Imagine if thousands of people started calling your phone at the same time, preventing you from receiving calls from your friends and relatives. No one’s actually hacked your phone. But you can’t get any calls just the same.
That’s essentially what happens in a Distributed Denial of Service (DDoS) attack – a malicious hacker directs hordes of Internet-connected PCs and devices under his or her control to attack and take down Web sites and cloud services. Remember when hackers shut down the BBC Web site in January by reportedly directing 602 Gbps of traffic at it? There was also the disruption of Boston hospital networks in 2012, and the Nasdaq stock market outage in 2012.
Last Friday, a massive DDoS attack knocked out many popular U.S.-based web sites, including Twitter, PayPal, Etsy, Reddit, and New York Times. The twist? Most of the botnets directed by the hackers were comprised of Internet of Things (IoT) devices such as DVRs and webcams infected by an unsophisticated malware called Mirai. Poor security is a hallmark of IoT devices today – see our demos of hacking a drug infusion pump and connected tea kettle at our last two Security Summits. Until manufacturers of insecure IoT devices are made accountable (as my colleague Nader Henein proposes), we’ll see more unwilling soldiers added to DDoS armies.
Botnets on Wheels
Connected and autonomous cars of the future are nothing if not IoT endpoints on wheels. Automotive security is arguably more important than traditional computer security, since cars can easily become dangerous weapons. Most new high-end cars can already connect in multiple ways, including cellular, Bluetooth, Wi-Fi, and USB, and in the future via V2X. And while the IT industry has been in the networking business for decades, dealing with security and developing risk mitigations and best practices, car makers are relatively new to these issues.
Today’s high-end sedan runs software with over 100 million lines of code. It is estimated that for every 1000 lines of well-written code, there is one security vulnerability. So you can imagine how many potential vulnerabilities can stay dormant for years until exploited by hackers, armed with nothing more than OpenGarages’ Car Hacker’s Handbook. Even the new generation of high-tech cars developed from the ground up with security in mind are still subject to remote hacks, according to reports, turning them into deadly weapons.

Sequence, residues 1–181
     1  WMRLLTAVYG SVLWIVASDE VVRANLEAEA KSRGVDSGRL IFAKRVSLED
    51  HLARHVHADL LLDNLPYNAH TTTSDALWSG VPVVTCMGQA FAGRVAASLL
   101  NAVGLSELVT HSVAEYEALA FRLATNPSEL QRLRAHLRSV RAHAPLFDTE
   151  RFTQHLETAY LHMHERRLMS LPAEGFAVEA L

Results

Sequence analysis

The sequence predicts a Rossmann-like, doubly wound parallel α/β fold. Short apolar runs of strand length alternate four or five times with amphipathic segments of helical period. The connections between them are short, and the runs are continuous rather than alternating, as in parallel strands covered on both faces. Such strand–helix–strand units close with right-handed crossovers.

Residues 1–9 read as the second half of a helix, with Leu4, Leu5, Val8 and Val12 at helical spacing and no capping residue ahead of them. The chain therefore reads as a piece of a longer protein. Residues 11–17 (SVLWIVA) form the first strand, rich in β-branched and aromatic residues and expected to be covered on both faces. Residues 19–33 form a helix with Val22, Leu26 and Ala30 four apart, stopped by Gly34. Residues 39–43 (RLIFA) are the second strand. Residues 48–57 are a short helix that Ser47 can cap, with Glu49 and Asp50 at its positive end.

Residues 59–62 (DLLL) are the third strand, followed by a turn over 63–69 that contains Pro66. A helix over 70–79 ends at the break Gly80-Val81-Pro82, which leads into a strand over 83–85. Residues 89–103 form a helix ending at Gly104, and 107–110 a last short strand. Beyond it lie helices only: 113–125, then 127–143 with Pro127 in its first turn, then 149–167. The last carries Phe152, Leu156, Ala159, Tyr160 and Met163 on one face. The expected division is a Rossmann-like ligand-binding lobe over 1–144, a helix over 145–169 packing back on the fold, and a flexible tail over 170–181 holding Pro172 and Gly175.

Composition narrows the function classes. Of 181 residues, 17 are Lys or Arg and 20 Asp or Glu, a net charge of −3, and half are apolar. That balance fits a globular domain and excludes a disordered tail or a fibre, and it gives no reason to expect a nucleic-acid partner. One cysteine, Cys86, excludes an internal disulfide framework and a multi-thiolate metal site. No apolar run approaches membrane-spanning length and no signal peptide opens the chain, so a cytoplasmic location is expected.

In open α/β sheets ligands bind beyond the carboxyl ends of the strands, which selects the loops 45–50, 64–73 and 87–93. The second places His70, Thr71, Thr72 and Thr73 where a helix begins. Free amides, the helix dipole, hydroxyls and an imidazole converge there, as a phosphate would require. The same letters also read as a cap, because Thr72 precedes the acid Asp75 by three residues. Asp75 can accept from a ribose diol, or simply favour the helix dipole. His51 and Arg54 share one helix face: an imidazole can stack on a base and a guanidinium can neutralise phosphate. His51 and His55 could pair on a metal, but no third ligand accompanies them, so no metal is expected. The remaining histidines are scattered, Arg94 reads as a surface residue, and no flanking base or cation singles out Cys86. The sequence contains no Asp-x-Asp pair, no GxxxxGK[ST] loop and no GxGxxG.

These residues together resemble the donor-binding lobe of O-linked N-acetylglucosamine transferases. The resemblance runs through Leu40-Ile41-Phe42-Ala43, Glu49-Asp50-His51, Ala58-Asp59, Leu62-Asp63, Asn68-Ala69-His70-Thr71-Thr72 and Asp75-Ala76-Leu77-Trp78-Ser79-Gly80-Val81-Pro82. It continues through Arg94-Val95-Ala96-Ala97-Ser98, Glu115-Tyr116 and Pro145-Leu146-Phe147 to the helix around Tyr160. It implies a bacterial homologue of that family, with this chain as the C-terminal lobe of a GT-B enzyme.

Fast forward to a few years from now. After a few high-profile security incidents, car makers have upped their security game to the level of the tech industry. Fully autonomous vehicles are starting to appear, though they will only become widely adopted when related infrastructure has been established: command and control centers that take sensor data from cars to adjust traffic lights, bridges that inform cars if they are dangerously frozen, and cars that collectively inform each other of dangers ahead through cloud-based services. At that point, networked cars have become as secure as mainstream IT infrastructure. But they will still have a larger threat surface to deal with because of their mobility. So if a car is enlisted into some hacker’s botnet, it can be used to jam the command and control center for a particular road or region, or attack and crash an 18-wheel truck carrying a dangerous load such as gasoline.
So how should the car industry avoid DDoS exploits?
For the last 2 months, my team at BlackBerry has been doing software technology roadshows around the world, covering everything needed to make the autonomous car a reality. After hundreds of hours of meetings, a lack of security standards is the emerging theme for most car OEMs. In fact, the standards are already here, in the form of algorithms, certificate signings and secure supply chains. The issue is the auto industry’s knowledge-gap around best practices, how to apply these technologies in layers and, most importantly, how to manage on an on-going basis. A security ecosystem vision has not emerged yet, and even if it does it will be different for each car maker due to how they individually design and manufacture. Our Tier-1 customers that provide electronics modules to car makers (think Bosch, Delphi, etc.) all see security as a competitive advantage and want to promote their own recipe. That actually conflicts with the preferences of automakers, who always want to have second or third sources for any technology, including security.
We are not competing with other Tier 1 auto suppliers, and hence can provide solutions available throughout the supply chain. We have been supplying safety certified embedded software to the automotive industry for over 20 years, with over 60 million cars’ infotainment systems powered by our QNX platform. BlackBerry’s security and privacy have been trusted by world leaders for over two decades, which is why we are the mobility partner to 16 of the G20 governments, 10 out of 10 of the largest global law firms, and the 5 largest oil and gas companies. BlackBerry security has earned over 70 government certifications and approvals — more than any other mobile vendor. Combine that with BlackBerry’s over-the-air (OTA) managed services for timely security patches and functional software updates, our automotive security services consultants, and QNX’s industry know-how, and you have the car industry’s emerging leader in automotive security. At BlackBerry, we’re actively working with car makers and other industry leaders to protect the safety and security of your car.
Originally published at here.